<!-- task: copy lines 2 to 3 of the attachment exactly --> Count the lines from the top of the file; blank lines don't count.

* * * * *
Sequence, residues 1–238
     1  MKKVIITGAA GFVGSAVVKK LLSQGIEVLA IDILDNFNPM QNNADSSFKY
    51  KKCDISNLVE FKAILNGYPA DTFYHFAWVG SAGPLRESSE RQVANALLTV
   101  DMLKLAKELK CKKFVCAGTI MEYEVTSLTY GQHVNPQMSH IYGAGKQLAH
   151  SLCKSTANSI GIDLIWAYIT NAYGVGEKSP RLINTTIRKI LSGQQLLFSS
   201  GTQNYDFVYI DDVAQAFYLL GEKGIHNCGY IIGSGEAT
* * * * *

     1  MKKVIITGAA GFVGSAVVKK LLSQGIEVLA IDILDNFNPM QNNADSSFKY
    51  KKCDISNLVE FKAILNGYPA DTFYHFAWVG SAGPLRESSE RQVANALLTV